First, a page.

In December 2010 Bishop Thomas J. Olmsted of Phoenix revoked the Catholic status of the hospital after an investigation found both the hospital and its parent company involved in a pattern of behavior that violated Catholic health care ethics, including creating and managing a government program that offers birth control, sterilization procedures and abortion.

In January 2012 the health network’s CEO, Dean, said concerns about the system’s Catholic affiliation hindered potential agreements with other hospitals.

The expansion of Catholic hospitals operating according to Catholic teaching has drawn opposition from critics, including the American Civil Liberties Union and the MergerWatch project. Those groups co-authored a 2013 report that claimed the growth of Catholic hospitals was a “miscarriage of medicine.”

The report said the ACLU’s advocacy in the area was backed by various funders including the Arcus Foundation, which is a major funder of an influence campaign to restrict religious freedoms in areas that run counter to the foundation’s vision of LGBT advocacy and reproductive health.

Pope Francis Accepts Resignation of Auxiliary Bishop of Hartford

WASHINGTON—Pope Francis has accepted the resignation of Auxiliary Bishop Christie A. Macaluso from the Archdiocese of Hartford.

The announcement was publicized in Washington on December 15 by Archbishop Christophe Pierre, apostolic nuncio to the United States.

The Most Reverend Christie Macaluso, D.D., was born in Hartford, Connecticut on June 12, 1945. He attended Saint Mary's Seminary in Baltimore where he earned a bachelor's degree in philosophy and a master's degree in Sacred Theology. He later earned master's degrees in psychology from New York University and in philosophy from Trinity College. In addition, he studied multiple languages and music.

On May 22, 1971, he was ordained a priest for the Archdiocese of Hartford.

Assignments after ordination included assistant pastor at St. Thomas the Apostle Parish in West Hartford and St. Joseph Parish, in New Britain. He also served as a faculty member of St. Thomas Seminary College and was appointed dean in 1980. In 1985, he became rector and president of Saint Thomas Seminary. During that time, he also served as a weekend assistant at St. Francis Parish in Torrington and Sacred Heart Parish in Bloomfield. From 1991-1997, he served as pastor of the Cathedral of St. Joseph.

In 1995, he was named a prelate of honor, with the title of monsignor, by Pope John Paul II and was also named episcopal vicar for Hartford.

On March 18, 1997, Macaluso was appointed auxiliary bishop of Hartford and titular bishop of Grass Valley. As auxiliary bishop, he has served as vicar general of the Archdiocese of Hartford and moderator of the Curia. 

In 2014, he was appointed rector of St. Thomas Seminary.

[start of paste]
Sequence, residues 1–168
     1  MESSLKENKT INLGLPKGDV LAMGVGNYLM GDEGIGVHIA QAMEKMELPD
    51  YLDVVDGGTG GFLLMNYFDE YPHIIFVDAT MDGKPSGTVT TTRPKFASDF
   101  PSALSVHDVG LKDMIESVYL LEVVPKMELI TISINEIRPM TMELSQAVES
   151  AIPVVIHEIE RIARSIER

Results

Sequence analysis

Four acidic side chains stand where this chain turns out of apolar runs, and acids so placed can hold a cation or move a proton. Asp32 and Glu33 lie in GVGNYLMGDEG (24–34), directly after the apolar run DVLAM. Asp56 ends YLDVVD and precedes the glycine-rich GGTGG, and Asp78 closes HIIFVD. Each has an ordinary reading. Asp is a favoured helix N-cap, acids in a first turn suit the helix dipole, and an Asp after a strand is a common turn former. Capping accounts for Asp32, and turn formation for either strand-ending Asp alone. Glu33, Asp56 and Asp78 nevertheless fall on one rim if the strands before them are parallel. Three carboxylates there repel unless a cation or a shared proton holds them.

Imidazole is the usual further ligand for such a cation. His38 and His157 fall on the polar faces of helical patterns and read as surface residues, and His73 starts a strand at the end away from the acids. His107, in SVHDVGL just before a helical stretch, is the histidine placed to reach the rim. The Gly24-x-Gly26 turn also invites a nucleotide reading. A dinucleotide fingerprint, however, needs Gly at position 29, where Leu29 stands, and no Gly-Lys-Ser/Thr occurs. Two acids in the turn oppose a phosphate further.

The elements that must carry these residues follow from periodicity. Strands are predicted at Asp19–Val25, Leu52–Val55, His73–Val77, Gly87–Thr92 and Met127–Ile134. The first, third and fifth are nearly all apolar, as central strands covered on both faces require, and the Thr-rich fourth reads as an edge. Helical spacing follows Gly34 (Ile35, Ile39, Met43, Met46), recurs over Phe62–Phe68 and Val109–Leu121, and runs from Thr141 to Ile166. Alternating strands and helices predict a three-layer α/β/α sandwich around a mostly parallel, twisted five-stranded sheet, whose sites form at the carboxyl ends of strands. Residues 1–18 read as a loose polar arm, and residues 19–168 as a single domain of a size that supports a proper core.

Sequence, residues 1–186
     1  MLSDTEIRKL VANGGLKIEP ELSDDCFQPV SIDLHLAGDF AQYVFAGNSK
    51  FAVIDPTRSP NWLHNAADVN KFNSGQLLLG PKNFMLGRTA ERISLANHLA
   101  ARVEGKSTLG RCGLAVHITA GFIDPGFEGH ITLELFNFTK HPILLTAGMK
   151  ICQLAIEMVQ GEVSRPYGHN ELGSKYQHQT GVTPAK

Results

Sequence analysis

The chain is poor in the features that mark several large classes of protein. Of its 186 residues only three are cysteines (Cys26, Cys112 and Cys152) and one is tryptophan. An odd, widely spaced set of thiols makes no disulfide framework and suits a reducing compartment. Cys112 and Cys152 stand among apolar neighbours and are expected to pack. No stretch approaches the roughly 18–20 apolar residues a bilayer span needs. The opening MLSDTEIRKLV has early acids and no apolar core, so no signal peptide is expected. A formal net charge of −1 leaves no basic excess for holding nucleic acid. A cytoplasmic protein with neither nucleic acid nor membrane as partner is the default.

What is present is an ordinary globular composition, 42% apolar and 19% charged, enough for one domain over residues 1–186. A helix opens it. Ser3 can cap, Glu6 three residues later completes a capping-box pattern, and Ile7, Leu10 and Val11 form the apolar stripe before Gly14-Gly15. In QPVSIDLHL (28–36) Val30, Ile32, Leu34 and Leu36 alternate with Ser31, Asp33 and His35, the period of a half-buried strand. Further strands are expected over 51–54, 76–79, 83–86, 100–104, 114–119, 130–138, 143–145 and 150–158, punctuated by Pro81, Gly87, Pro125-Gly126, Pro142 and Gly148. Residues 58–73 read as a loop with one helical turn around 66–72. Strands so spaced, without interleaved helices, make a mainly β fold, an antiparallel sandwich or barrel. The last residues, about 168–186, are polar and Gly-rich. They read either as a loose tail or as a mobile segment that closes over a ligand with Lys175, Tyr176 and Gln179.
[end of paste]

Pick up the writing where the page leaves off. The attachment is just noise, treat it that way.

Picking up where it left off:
The Archdiocese of Hartford comprises 2,288 square miles and has total population of approximately 1,938,914 people of which 537,983 or 27 percent are Catholic.

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Keywords: Pope Francis, Auxiliary Bishop, Most Reverend Christie Macaluso, Archbishop Christophe Pierre, Apostolic Nunciature, Archdiocese of Hartford, vicar general, moderator of the Curia.

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Media Contact
Judy Keane
202-541-3200

Christmas cash for the homeless: The legacy of one Denver priest continues

Denver, Colo., Dec 14, 2017 / 04:51 pm (CNA/EWTN News).- It was a chilly Thursday in December, with a dusting of snow on the ground. But that didn’t stop hundreds of poor and homeless people from packing the Denver Cathedral for what the pastor calls “the greatest day of the year” for the parish.

It was the Father Woody Christmas cash giveaway, the annual event when the cathedral hosts a prayer service and gives $20 - in the form of two $10 bills - to all of the poor and the homeless who attend.

The idea behind the two bills? It gives the recipients the option of giving one of the bills away.

“I got kind of a crabby e-mail about this event, saying ‘Why are you giving the homeless money, they’re just going to spend it on alcohol or drugs,’” Fr. Ron Cattany, pastor of the Cathedral Basilica of Immaculate Conception in Denver, told CNA.

“And I responded back with a line from Father Woody: ‘Everybody needs a little cash in their pocket at Christmas,’” he said.

It gives them a sense of dignity, and a sense of generosity, he added.

“What’s beautiful is that sometimes what you’ll see here...is one of the guys will come up and say, ‘Today’s my birthday, will you give me a bunch of (McDonald’s) cards so I can take my buddies out to lunch on my birthday?’ And of course you do that because even from where they are, they’re giving and sharing with other people,” Cattany said.